Abstract: The storage/utilization of solar energy is a promising strategy to alleviate current disparities in energy shortage Direct conversion of solar light into chemical energy by means of photocatalysis or photoelectrocatalysis is currently a point of focus for sustainable energy development and environmental remediation. However, its current efficiency is still far from satisfying, suffering especially from severe charge recombination. To solve this problem, the piezo-phototronic effect has emerged as one of the most effective strategies for photo(electro)catalysis. Through the integration of piezoelectricity, photoexcitation, and semiconductor properties, the built-in electric field by mechanical stimulation induced polarization can serve as a flexible autovalve to modulate the charge-transfer pathway and facilitate carrier separation both in the bulk phase and at the surfaces of semiconductors. This review focuses on illustrating the trends and impacts of research based on piezo-enhanced photocatalytic reactions. The fundamental mechanisms of piezo-phototronics modulated band bending and charge migration are highlighted. Through comparing and classifying different categories of piezo-photocatalysts (like the typical ZnO, MoS2, and BaTiO3), the recent advances in polarization-promoted photo(electro)catalytic processes involving water splitting and pollutant degradation are overviewed. Meanwhile the optimization methods to promote their catalytic activities are described. Finally, the outlook for future development of polarization-enhanced strategies is presented.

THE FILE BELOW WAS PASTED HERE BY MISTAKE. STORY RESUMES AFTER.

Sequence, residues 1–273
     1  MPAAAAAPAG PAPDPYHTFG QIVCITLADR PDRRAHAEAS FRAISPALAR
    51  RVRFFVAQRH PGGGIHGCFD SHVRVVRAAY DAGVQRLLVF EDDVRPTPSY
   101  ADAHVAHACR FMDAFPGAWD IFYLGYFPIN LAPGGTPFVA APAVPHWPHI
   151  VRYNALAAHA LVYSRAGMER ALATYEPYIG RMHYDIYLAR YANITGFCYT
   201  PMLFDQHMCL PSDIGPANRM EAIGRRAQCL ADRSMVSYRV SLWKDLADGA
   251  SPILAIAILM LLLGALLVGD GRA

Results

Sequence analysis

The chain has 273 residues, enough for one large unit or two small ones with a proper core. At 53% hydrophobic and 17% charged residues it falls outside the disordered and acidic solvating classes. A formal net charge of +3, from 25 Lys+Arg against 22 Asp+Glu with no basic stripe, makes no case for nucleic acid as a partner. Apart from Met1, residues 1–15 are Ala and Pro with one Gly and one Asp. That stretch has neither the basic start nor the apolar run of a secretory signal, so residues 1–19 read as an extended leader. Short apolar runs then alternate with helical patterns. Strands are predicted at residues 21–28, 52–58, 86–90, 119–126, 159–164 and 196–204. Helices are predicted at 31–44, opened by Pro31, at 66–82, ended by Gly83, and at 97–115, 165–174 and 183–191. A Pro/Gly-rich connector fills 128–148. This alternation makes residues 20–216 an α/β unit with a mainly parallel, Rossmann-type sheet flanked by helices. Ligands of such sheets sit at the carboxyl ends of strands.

Journal ArticleDOI
TL;DR: In this paper, the authors present a historical and up-to-date account of the energy-related applications of magnetocaloric materials and information about their processing and magnetic fields, thermodynamics, heat transfer, and other relevant characteristics.
Abstract: The need for energy-efficient and environmentally friendly refrigeration, heat pumping, air conditioning, and thermal energy harvesting systems is currently more urgent than ever. Magnetocaloric energy conversion is among the best available alternatives for achieving these technological goals and has been the subject of substantial basic and applied research over the last two decades. The subject is strongly interdisciplinary, requiring proper understanding and efficient integration of knowledge in different specialized fields. This review article presents a historical and up-to-date account of the energy-related applications of magnetocaloric materials and information about their processing and magnetic fields, thermodynamics, heat transfer, and other relevant characteristics. The article also discusses the conceptual design of magnetocaloric refrigeration and power generation systems and some guidelines for future research in the field.